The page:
The R & B group The Chi-Lites penned a song back in 1970 that wasn’t a major hit but yet impacted me with its provocative message. It was a rather stimulating message that showcased, as always, the amazing vocals of the group. It may have been one of the first records I ever bought from the local A&R record store on Sheridan Road (those of us who are true old school remember that place, right?)
In this the year of COVID-19 and the shutting down of our “normal” way of living, it is ironic how relevant the words of a song from 50 years ago are in today’s situation. Here is the first stanza:
There are some people up there hogging everything,
Telling lies, giving alibis,
About the people’s money and things.
And if they gonna throw it away,
Might as well give some to me,
Yeah they seen and heard it
But never had misery.
There are some people who are starvin’ to deathNever knew but only heard us, and they never had happiness,If you don’t have enough to eat, how can you think of loveYou don’t have the time to care so it’s crime you’re guilty of, oh yeah
And here we are in the third decade of the 21st century, and not much has changed in the United States of America. Greed. Lies. Hunger and homelessness. Police brutality.
The health disparities in our communities are still lagging behind those of White residents. The fact that automation has displaced millions of workers, and the off-shoring of manufacturing jobs to “cheap-labor” countries like China and Mexico, has us feeling like we are having a nightmare from which we cannot awaken. And, enter a coronavirus that is impacting Black and Brown people disproportionately, not to mention the person in the White House who is more concerned with sending children back to school than saving lives by wearing facial coverings.
As of July 15, 2020, the number of Americans who have filed for unemployment benefits since March is between 31.3 million to 33.5 million. That does not count people who have not filed for unemployment. Many small businesses have closed, unable to withstand months of reduced or non-existent revenue. Larger companies are filing Chapter 11 bankruptcy protection in the hopes they can restructure their businesses and stay afloat until the pandemic is resolved.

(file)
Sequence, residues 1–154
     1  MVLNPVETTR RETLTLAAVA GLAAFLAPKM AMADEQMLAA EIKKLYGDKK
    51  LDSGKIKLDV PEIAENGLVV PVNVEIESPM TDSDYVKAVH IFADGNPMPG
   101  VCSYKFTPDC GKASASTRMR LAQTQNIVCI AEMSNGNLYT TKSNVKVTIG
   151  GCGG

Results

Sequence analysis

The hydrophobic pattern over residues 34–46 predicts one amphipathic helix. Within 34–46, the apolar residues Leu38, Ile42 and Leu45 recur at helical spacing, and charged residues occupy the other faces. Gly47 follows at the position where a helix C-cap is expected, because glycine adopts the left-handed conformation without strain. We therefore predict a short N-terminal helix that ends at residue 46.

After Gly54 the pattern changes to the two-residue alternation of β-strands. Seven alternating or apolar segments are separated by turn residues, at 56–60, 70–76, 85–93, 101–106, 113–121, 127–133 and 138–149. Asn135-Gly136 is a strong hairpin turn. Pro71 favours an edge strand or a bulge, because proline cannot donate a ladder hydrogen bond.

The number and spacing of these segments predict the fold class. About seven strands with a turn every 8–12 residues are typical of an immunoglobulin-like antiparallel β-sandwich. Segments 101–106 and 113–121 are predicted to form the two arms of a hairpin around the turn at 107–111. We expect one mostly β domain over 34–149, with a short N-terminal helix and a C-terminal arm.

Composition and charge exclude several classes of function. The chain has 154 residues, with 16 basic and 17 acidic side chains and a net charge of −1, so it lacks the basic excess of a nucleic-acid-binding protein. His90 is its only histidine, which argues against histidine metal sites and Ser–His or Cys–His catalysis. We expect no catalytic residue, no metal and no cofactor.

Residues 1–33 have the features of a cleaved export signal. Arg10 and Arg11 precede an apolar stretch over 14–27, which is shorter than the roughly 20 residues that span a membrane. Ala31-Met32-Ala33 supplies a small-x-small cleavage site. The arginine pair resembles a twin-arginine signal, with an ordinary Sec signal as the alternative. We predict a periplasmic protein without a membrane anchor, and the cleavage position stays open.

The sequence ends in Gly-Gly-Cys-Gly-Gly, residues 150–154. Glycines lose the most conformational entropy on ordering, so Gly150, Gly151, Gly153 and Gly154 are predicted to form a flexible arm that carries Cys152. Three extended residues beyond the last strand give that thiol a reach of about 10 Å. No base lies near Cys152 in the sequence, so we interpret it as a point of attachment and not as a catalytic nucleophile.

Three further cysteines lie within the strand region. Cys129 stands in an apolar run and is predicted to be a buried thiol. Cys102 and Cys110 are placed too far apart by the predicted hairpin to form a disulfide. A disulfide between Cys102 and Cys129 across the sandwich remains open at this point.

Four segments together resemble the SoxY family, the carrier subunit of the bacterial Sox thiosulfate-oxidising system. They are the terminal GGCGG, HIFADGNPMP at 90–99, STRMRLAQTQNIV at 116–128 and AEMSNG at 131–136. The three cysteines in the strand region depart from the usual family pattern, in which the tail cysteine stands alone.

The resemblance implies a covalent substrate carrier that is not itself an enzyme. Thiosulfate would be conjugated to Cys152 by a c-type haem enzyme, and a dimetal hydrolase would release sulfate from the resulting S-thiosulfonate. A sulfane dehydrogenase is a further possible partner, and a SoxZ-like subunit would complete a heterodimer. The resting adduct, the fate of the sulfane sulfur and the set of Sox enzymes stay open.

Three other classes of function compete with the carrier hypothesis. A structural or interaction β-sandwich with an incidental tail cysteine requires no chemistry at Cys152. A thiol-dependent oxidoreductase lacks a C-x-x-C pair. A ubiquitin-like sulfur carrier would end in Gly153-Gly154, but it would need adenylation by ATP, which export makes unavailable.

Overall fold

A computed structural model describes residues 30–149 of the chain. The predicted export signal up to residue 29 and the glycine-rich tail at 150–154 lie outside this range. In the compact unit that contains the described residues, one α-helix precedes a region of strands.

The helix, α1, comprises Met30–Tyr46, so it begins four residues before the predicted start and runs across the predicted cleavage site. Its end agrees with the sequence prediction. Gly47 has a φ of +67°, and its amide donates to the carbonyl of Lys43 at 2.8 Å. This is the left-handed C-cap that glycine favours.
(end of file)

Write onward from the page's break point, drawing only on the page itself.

What can we do as a community to survive this time of cataclysmic change? I doubt that there is any one answer that would suffice. However, what I do BELIEVE is that we have within us a time-honored and proven ability to weather every storm. Our ancestors survived enslavement, Jim Crow segregation, lynching, and abject racism at every turn. Their diligence and perseverance provide a road map to how we can attain success in our times of upheaval. This is our time to link arms, organize and pool our resources to ensure that we all get through this intact.
Find and support local Black-owned businesses that provide products/services you need. If you need to order products online, search them out and buy directly from them, bypassing the Amazon monolith. Invest time and money in online educational programs that will provide information, and possibly income in the world we look to return to post-COVID-19. The distractions of NBA basketball, MMA fights, concerts, and more have been removed for a while longer. Use this time wisely. Eat meals with your family. Get to know your neighbors.
For when we are unified, educated, and driven by a higher purpose, we will be the force to be reckoned with that our “sleeping ancestors” prayed on bended knees would rise in POWER.
The last stanza of the song ends like this:
There’s no price for happiness, there’s no price for loveUp goes the price of livin’, and you’re right back where you wasSo whatever you got, just be glad you got itNow we’re gonna get on up and get some more of it
This is OUR TIME to GIVE More Power to The PEOPLE.